Response to plant closures, cullings could be less waste

It is difficult to remain positive as the COVID-19 pandemic continues to plague the meat and poultry industry, but I do believe I have discovered one thing good that may come from all of this.

Roy Graber Headshot
(Cgdeaw | Bigstock)
(Cgdeaw | Bigstock)

It is difficult to remain positive as the novel coronavirus (COVID-19) pandemic continues to plague the meat and poultry industry, but I believe I have discovered one thing good that may come from all of this.

People should now have a greater appreciation for the food on their plates, particularly when that food came from an animal.

‘A serious food waste issue’

As Tyson Foods Chairman John Tyson recently wrote, “the food supply chain is breaking.”

With scores of workers at meat and poultry processing plant testing positive for COVID-19, numerous facilities have suspended operations or are operating at less than capacity because of worker shortages and/or worker safety initiatives.

As Tyson said, “this is a serious food waste issue.”

Now, many chicken, turkey, pig and beef cattle farmers have no place for their animals to be processed for food, which has led to the culling of millions of animals.

Animal rights activists are without a doubt having a field day with this, but those of us who are in or support the animal agriculture industry don’t like it, either. These animals are here to provide food, and because of a COVID-19-related decrease in processing capacity, they cannot serve that purpose.

The U.S. Department of Agriculture (USDA) Animal and Plant Health Inspection Service (APHIS) is establishing a National Incident Coordination Center. One purpose of that center is to help identify potential markets if a producer is unable to move his or her livestock or poultry, but when you are dealing with this many animals, it can only do so much good, so the center can also advise and assist on depopulation and disposal methods.

Another way the federal government has stepped in is to alleviate the situation as it affects the egg industry. It recently relaxed regulations in a manner so that eggs originally being produced for the foodservice or restaurant sector could now be sold to retailers. But as Purdue University’s Jayson Lusk said recently, eggs for foodservice and restaurants and eggs for retailers are packaged differently, and companies producing for the restaurant sector likely don’t have a bunch of spare egg cartons sitting around that will enable them to ship those products. So there is still more waste.

Impact on supply

Tyson’s statements, which were published in multiple major media outlets, will no doubt create a lot of public interest and awareness of the situation.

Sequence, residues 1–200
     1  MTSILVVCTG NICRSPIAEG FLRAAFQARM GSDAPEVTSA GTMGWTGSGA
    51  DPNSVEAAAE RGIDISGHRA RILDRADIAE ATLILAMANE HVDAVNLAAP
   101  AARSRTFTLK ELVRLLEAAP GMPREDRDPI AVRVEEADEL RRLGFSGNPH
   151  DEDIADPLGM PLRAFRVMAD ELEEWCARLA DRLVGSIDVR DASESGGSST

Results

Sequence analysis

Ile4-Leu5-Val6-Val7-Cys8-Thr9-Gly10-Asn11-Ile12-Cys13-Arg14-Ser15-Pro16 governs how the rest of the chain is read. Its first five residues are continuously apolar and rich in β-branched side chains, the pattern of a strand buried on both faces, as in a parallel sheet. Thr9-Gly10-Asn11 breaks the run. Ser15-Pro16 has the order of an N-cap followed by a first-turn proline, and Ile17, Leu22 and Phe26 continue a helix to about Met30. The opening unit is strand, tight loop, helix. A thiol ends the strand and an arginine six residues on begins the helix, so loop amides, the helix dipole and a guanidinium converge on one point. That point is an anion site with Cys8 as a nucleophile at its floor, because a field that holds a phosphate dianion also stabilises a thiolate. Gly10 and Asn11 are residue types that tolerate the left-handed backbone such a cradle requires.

When social distancing measures were first being mandated by states, we saw a heavy demand for meat, poultry and eggs at the grocery stores, and a person could only find the most expensive cuts of meat if they arrived at the store during later stages in the day.

That freezer-filling frenzy had started to subside, but Tyson’s statements will likely get people to thinking about the food shortage, so again, animal protein products will be in shorter supply at the store.

And with a smaller supply, we can only expect prices to increase.

Changes in practices from farm to fork

The meat and poultry industries have long been talking about the problems of food waste, and how solutions need to be found so we can better feed a growing global population.

Some of the problems, as evidenced through the COVID-19 pandemic, are due to the infrastructure of the food industry and the related regulatory climate.

But much of this responsibility is also on the consumer. How many times have you cleaned out your refrigerator and ended up just throwing away meat that has been in there too long?

Between the anticipated meat and poultry shortages, and the culling of animals that were originally being raised for food production, people will likely be much less apt to let their meat products go to waste. At least for the short term.

But it is my hope that once the industry bounces back from this pandemic, everyone from the farmer to the consumer will have established anti-waste practices that will endure for decades.

View our continuing coverage of the coronavirus/COVID-19 pandemic.

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